posted by graymatters at 06:09 PM on June 09

Doesn't Nebraska count as a traditional power? Who are the traditional powers? Ohio State, Michigan, Penn State, and Nebraska? Although Howard_T's East and West are intuitive, maybe the Bigger Ten could go Northwestish and Eastsouthish, essentially trading the state of Michigan for the state of Illinois:

Eastsouthish: Penn State, Pitt, West Va, Ohio State, Purdue, Indiana, Illinois, Northwestern.

Northwestish: Michigan, Michigan State, Minnesota, Wisconsin, Nebraska, Missouri, Iowa, Iowa State.

posted by Aardhart at 06:24 PM on June 09

The primary problem with that scenario is that you'd have Ohio State and Michigan in separate divisions, and I'm sure they would want to keep those two playing every year.

And the "traditional powerhouses" all being in the East in the other setup isn't really any different from the lineups of the Big 12 North and South right now. Wisconsin and Iowa are certainly consistently better than pretty much any Big 12 North team has been lately (much to the chagrin of this Gopher fan).

posted by TheQatarian at 06:50 PM on June 09

The primary problem with that scenario is that you'd have Ohio State and Michigan in separate divisions, and I'm sure they would want to keep those two playing every year.

Other conferences have "rivalry" games in which East/West or North/South teams play each other every year. In the SEC each east and west team has a rivalry game of sorts that it plays every year against a team from the other division (I know LSU and Florida play every year and believe Bama and Tennessee do as well).

posted by holden at 06:56 PM on June 09

Other conferences have "rivalry" games in which East/West or North/South teams play each other every year. In the SEC each east and west team has a rivalry game of sorts that it plays every year against a team from the other division (I know LSU and Florida play every year and believe Bama and Tennessee do as well).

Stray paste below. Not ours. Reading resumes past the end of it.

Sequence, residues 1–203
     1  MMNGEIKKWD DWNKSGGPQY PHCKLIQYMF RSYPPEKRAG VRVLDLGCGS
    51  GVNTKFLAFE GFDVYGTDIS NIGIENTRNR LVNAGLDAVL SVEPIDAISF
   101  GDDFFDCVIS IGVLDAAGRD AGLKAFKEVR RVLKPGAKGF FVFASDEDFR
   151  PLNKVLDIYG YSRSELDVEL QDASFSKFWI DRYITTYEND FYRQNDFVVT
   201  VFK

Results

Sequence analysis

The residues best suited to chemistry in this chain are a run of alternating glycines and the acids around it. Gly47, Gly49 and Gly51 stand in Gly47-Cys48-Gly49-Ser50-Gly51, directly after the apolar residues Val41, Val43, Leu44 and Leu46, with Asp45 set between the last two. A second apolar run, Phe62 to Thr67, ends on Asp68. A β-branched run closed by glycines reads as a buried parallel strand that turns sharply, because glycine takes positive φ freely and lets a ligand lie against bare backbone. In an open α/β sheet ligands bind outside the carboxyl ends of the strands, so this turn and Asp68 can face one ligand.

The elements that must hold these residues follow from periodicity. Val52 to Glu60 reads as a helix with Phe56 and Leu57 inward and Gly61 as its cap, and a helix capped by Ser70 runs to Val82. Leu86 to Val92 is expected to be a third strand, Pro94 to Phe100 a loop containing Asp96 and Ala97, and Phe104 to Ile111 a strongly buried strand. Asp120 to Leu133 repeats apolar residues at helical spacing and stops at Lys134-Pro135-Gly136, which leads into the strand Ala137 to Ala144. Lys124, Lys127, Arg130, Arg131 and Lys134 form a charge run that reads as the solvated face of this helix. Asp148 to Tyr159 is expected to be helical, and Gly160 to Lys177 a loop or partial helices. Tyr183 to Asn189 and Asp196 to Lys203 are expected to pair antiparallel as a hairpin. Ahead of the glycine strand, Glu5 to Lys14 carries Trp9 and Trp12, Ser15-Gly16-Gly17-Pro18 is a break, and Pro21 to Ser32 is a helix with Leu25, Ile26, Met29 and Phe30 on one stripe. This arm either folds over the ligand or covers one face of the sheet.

Yup, and you have UGA, where one of there most hated rivals is from SEC West (Auburn) and they play yearly. Plus, there's the bi-yearly game of UGA-LSU is very intense. And they play GT yearly, too.

So, yea, not being in the same sub-conference can certainly work for rivalries. Granted it may be easier in a 12-team conference to have such a schedule than a possible 16-team conference where more alternating conference games may be required.

posted by jmd82 at 09:53 PM on June 09

Granted it may be easier in a 12-team conference to have such a schedule than a possible 16-team conference where more alternating conference games may be required.

That's pretty much the problem. The conference season is eight games, so if you have to play everyone in your division once, that's 7 of the 8. If you lock in a "rivalry" game with the other division, then you never play any of the other 7 teams in the other division.

Perhaps the conference season would have to be expanded to 9 or 10 games, and lose a non-conference game or two. But then teams would get to feed on cream puffs and bolster their records.

posted by TheQatarian at 11:22 PM on June 09

Good point, and that's why I think 12-team conferences are perfect. Play your division every year and other divisions every other year or every year depending on rivalries. Seems that in a 16-team conference, you might see a conference team once every 3-5 years? That doesn't sound very conferency to me.